Readers on Slate's predictability

Readers on Slate's predictability

Readers on Slate's predictability

What's happening in our readers' forum.
Oct. 23 2002 3:05 PM

Barry-ing the Lede

The Fray finds Slate's World Series coverage predictable.

(Continued from Page 3)

Since when did Conservative Christian Corporate America (Coors surely falls within that realm) start sponsoring incestuous group sex, or at least the heavy suggestion of it? I mean, I'm not going to say it's necessarily a bad thing, but it does seem like a radical departure.


Go Bearcats? Some excellent responses in the Chatterbox Frayto Tim Noah's report on the decline in African-American enrollments at Caltech and some elite institutions. (Scroll down to the bottom of the article to read them.) Funniest not-quite-accurate post? Cb's here:

3 freshman blacks at Cal Tech. If those three graduate ... and they will, that will be more blacks with a degree than the Cincinnati basketball team has graduated in the past 7 years-or more.

(Not-quite-accurate based on this and other sources.)

Happiness is a warm Fray: Last Friday night, Judith Harris, author of The Nurture Assumption, jumped into the Dialogues Fray here to take issue with Martin Seligman and with Fraysters Carolyn and Omnivorous Reader. Seligman responds here. It is a terrific, testy thread, and I'm sorry it wasn't front and center in Fraywatch yesterday. (Thanks to Kassandrafor the after-hours monitoring.) ... 9:00 a.m.


Monday, Oct. 21, 2002  

Hook and ladder: Last week in Chatterbox, Tim Noah defended William Langewiesche's account of the World Trade Center rubble, American Ground, against Rhonda Roland Shearer's attacks. Ray Suarez, senior correspondent for The NewsHour With Jim Lehrer, jumps into the Fray with his own story here. A part of his post:

Why is it so hard to believe that while some men were selflessly heading higher and higher in the buildings, that others were ripping off jeans? (When I went down into the mall with an urban search and rescue team a few days after September 11, I passed food and women's clothing stores that were eerily intact, just covered in a fine layer of dust... and a Tourneau watch store that had been torn to pieces)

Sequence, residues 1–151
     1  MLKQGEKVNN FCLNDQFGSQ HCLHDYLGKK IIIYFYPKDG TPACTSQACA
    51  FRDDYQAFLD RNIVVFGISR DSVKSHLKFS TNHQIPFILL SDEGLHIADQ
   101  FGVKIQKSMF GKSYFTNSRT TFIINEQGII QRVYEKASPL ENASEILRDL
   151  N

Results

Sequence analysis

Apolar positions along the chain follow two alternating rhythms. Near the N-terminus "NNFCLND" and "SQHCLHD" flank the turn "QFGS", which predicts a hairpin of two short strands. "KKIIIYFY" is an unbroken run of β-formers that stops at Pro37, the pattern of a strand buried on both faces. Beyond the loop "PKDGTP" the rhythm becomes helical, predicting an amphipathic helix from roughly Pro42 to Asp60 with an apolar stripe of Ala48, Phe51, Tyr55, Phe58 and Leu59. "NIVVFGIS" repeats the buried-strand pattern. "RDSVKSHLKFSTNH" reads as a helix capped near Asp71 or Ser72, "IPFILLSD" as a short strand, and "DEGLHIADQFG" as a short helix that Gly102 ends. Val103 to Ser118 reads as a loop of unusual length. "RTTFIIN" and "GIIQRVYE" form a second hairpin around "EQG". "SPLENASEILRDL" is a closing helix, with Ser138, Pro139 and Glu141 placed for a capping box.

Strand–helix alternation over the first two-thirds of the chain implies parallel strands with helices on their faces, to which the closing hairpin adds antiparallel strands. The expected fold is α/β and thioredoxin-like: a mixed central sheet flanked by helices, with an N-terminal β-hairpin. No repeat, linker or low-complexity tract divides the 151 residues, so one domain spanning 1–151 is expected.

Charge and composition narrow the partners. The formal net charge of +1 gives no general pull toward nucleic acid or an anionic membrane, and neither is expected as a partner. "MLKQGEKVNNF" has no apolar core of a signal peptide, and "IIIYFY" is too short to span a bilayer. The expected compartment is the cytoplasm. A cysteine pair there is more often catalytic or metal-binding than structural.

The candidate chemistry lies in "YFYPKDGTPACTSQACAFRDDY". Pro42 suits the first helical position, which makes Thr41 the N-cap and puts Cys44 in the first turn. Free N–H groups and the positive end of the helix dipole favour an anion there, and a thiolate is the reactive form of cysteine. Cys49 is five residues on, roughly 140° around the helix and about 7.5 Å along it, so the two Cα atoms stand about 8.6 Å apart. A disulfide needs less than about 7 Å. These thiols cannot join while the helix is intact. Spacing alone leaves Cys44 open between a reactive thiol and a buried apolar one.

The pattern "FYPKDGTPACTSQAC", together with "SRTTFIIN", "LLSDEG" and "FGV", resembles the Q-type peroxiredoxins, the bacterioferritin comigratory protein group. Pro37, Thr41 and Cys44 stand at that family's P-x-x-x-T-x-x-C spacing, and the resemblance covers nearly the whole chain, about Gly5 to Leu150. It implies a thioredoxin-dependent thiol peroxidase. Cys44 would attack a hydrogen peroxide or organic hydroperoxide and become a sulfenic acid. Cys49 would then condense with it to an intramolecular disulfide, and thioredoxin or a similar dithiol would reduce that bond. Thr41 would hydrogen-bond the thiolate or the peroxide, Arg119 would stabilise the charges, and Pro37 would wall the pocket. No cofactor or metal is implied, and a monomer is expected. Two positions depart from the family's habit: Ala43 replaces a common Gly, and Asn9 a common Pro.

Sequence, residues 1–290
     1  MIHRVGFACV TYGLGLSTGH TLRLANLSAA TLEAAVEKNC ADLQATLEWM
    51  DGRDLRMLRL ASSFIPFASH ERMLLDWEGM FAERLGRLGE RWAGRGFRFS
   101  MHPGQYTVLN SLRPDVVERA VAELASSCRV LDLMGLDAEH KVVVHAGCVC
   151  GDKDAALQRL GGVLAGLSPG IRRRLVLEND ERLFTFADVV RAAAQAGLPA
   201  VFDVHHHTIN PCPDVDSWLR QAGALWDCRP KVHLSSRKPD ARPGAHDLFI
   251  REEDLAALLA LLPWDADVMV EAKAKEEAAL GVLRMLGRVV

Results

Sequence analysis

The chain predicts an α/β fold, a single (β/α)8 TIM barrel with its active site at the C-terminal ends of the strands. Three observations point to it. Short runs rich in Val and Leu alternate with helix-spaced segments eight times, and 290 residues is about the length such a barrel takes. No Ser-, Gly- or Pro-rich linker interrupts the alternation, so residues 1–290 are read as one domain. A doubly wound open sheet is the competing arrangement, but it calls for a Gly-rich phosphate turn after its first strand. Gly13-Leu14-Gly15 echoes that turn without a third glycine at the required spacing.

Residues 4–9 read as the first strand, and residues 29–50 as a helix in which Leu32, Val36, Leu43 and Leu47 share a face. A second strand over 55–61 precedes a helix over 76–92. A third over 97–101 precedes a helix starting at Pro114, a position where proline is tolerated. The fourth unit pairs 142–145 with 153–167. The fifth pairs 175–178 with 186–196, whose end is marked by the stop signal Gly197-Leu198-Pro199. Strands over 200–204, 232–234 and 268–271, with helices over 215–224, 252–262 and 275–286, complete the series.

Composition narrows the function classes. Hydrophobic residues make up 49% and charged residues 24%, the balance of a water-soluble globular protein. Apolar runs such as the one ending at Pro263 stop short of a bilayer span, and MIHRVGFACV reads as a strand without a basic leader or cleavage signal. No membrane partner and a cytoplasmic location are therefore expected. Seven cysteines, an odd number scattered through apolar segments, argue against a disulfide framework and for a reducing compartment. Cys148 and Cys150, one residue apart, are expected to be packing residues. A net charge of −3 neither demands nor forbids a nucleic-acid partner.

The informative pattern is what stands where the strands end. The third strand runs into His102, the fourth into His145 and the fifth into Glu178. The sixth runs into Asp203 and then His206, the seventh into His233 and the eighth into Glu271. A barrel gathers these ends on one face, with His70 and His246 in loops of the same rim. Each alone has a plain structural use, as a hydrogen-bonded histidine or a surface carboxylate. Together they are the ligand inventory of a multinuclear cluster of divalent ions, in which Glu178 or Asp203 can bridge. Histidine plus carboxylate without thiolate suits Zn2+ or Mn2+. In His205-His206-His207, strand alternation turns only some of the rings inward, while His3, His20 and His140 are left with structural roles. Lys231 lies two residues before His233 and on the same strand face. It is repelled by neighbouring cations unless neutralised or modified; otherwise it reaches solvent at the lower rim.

At a site where, at the time, untold thousands of people were believed dead, I kept interviewing firefighters coming off the pile who only talked to me of their "brothers," and only of the other victims when prompted by a reporter.

Why can't we grant firefighters the privilege of humanity? That among their thousands there are (were) unspeakably brave, skilled, and selfless men, and jerks who hit their wives, never see their kids, and some who weren't even very good at their jobs. They are not secular saints. They are fine and flawed human beings caught up in a premeditated mass murder.

Omnibus Readerdefends Langewiesche's description of the firefighters as "tribal" here. The payoff: "If you cannot see the kilted bagpiper as a means of tribal identification, you are blind. And deaf."

Mangar argues that Shearer shares her argumentative "penchant" with her late husband, Stephen Jay Gould, and takes a minute to speak ill of the dead. Perhaps he is gunning for a job writing Slate Obits? ...

Avenging the Angels: Which Angels team will show up in the World Series? Last Friday, Chris Suellentrop laid out their woeful history. Over the weekend, Hugo Lindgren proclaimed "it is impossible not to like the Angels" for their scrappy play. B Muir disagrees here. Just one of the reasons: